What Pride, Obergefell and Taylor Swift Have In Common

07/16/2015 12:57 pm ET Updated Jul 16, 2016
PHILADELPHIA, PA - JUNE 13:  Taylor Swift performs onstage during The 1989 World Tour on June 13, 2015 at Lincoln Financial F
PHILADELPHIA, PA - JUNE 13: Taylor Swift performs onstage during The 1989 World Tour on June 13, 2015 at Lincoln Financial Field in Philadelphia, Pennsylvania. (Photo by Dimitrios Kambouris/Getty Images for TAS)

Pride month 2015 is over, and it was one for the history books culminating with a victory in the decades-long battle for marriage equality. I had so much I wanted to say throughout June, yet my emotions were so intense that nothing I wrote could capture the entirety of my thoughts. But Tuesday night, at a Taylor Swift show at Nationals Stadium in Washington, DC, I found my voice.

During the concert, I didn't think twice about putting my arm around my boyfriend, Jake, or giving him a kiss as we danced to "Shake It Off." But, it was what happened after the show that shook me. As the crowds were preparing to leave, a family two rows back in matching homemade pink and white shirts asked us (and all their neighbors) to autograph the shirts they'd created to commemorate the special night. We happily obliged and made small talk praising TSwifts performance. A few moments into the climb towards the stadium exit, the mother turned around and walked back to talk to us with a smile (and perhaps a small tear), "You have no idea how much it means to us, what you just wrote on my son's shirt. He came out about three weeks ago." Jake's autograph on the young teenager's shirt said, "Be proud of who you are!"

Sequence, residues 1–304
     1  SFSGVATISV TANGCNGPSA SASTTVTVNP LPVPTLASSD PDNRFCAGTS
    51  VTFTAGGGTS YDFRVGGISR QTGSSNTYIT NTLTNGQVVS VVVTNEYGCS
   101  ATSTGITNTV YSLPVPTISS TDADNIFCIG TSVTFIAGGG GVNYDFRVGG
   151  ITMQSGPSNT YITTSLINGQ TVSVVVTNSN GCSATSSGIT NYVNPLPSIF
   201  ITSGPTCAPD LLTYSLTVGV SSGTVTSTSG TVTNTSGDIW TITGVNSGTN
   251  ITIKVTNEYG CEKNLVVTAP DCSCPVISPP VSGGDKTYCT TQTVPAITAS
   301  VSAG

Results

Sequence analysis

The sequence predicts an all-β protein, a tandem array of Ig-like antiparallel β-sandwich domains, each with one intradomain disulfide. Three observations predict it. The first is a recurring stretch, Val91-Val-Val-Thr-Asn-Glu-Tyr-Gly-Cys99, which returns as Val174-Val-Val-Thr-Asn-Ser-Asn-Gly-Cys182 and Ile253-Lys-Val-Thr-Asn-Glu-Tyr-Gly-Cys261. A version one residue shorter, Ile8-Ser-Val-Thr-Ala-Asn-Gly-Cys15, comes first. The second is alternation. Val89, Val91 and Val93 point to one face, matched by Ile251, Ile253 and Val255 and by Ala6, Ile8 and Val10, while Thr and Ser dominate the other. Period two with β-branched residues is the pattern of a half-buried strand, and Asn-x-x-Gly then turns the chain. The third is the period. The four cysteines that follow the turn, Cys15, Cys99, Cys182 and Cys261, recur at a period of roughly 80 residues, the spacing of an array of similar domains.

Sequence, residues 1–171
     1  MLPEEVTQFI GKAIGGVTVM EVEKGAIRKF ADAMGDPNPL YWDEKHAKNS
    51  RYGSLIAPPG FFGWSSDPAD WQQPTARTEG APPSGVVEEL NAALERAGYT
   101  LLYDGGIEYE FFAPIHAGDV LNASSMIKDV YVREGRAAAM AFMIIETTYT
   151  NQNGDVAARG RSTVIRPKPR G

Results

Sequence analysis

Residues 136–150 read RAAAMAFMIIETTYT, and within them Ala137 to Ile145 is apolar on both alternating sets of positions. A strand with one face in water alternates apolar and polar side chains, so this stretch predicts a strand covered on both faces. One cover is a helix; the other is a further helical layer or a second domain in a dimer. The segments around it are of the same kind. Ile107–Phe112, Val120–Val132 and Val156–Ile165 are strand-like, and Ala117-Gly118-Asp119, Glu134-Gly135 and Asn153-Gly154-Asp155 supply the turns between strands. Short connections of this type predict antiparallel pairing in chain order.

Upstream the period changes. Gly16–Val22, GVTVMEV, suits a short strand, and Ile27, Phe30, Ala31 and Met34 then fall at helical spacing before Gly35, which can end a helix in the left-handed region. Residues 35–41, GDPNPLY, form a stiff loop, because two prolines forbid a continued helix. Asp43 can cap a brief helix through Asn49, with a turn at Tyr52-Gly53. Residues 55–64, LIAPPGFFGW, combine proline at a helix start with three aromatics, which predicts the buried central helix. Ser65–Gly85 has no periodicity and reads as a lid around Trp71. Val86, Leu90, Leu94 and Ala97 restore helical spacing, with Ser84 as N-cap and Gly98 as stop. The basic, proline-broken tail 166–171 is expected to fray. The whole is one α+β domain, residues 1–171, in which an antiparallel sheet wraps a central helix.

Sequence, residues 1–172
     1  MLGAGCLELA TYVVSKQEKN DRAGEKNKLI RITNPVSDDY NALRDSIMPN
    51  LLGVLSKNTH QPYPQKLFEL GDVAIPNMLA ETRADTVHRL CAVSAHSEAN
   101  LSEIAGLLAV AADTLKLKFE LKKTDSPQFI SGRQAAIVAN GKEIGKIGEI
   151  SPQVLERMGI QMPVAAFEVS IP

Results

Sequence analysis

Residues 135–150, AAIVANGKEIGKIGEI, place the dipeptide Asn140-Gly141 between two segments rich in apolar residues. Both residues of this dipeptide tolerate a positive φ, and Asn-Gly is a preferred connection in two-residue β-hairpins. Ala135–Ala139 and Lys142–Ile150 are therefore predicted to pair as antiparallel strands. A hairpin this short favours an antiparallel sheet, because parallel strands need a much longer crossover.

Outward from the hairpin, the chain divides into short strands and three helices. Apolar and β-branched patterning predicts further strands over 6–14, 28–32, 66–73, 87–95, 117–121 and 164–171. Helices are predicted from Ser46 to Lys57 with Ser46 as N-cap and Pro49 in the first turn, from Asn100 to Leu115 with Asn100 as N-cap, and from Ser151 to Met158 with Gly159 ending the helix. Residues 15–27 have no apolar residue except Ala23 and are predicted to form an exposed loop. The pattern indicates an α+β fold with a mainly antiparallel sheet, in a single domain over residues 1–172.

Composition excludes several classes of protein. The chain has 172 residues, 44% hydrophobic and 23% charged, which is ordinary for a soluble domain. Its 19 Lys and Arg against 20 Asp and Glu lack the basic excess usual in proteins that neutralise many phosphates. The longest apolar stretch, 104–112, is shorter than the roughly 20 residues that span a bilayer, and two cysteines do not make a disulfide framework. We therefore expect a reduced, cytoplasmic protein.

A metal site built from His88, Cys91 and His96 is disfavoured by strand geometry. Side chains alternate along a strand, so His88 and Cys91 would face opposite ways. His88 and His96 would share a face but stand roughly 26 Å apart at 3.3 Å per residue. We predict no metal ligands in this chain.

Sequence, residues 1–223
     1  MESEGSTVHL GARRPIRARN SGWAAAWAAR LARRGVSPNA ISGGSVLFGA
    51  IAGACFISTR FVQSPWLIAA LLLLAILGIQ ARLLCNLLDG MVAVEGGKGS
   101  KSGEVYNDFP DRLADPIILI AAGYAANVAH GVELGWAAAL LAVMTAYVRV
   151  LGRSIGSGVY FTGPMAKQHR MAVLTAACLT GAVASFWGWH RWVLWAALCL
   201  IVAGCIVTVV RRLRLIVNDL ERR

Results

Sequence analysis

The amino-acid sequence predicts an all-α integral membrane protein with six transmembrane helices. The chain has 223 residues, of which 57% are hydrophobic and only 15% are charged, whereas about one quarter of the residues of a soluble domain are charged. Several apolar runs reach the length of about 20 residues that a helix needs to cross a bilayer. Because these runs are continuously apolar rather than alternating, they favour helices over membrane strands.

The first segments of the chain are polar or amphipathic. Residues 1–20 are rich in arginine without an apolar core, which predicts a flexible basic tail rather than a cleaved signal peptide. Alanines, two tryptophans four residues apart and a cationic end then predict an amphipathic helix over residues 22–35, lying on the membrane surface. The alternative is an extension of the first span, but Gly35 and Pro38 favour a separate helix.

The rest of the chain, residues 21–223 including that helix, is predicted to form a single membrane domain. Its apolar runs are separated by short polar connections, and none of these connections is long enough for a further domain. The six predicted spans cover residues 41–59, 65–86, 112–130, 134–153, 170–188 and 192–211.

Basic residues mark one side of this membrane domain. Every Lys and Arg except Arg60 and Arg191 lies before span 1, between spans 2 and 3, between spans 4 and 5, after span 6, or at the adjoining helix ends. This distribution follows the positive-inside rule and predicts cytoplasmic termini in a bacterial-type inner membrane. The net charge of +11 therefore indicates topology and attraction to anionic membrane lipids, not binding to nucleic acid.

As we walked home reflecting on what just happened, it occurred to me that three weeks before the concert would put his coming out the same week the Supreme Court issued its landmark decision. Such timing is not a coincidence.

We celebrate Pride because our pioneers couldn't live their truth in public: because they could not hold hands, they raised their fists in protest. We celebrate Pride because nearly an entire generation didn't survive to celebrate with us. We celebrate because of all that we have accomplished in our generation. We have repealed Don't Ask Don't Tell, made gay bashing a federal hate crime, and created a country where nearly everyone -- including the Supreme Court -- believes we should have the right to marry who we love. Pride celebrates our achievements and our history: marriage equality was born of ACT UP, Stonewall and the Black Cat Riots.

We also celebrate Pride because we have so much left to do in the fight for equality, from employment non-discrimination, to cultural acceptance in sports, to reaching further into every community in the country -- from the rural to the urban, the South to the Midwest. And, we celebrate so that the next generation can see us and know that they have a community where they can live their truth, find their love; and they can be inspired to continue to make the world a more loving welcoming and better place for the kids who come after them.

Generational stewardship isn't just an activist's platitude. I was reminded of the real impact Tuesday night: it is the 13-year-old who sees hope in 26 million rainbows lighting up Facebook and witnesses love and acceptance at a Taylor Swift concert. To that young man -- we are proud of you. Likewise, your mother's pride was visible. All of us together -- activists of past, present and future, along with our allies -- will continue to make the world better. Tuesday night, I couldn't be more proud of our movement, which every day and everywhere gives inspiration to the next generation.

I think I'll listen to Taylor Swift each June from here on out to celebrate and commemorate what I saw at the concert -- and to remind myself what Pride is all about.